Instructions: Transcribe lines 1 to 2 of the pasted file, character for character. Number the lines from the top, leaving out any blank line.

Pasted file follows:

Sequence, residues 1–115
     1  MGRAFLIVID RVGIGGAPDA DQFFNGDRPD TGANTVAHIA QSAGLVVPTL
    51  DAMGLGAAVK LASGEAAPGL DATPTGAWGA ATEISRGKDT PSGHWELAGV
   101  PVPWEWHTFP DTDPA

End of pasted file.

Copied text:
Sequence, residues 1–115
     1  MGRAFLIVID RVGIGGAPDA DQFFNGDRPD TGANTVAHIA QSAGLVVPTL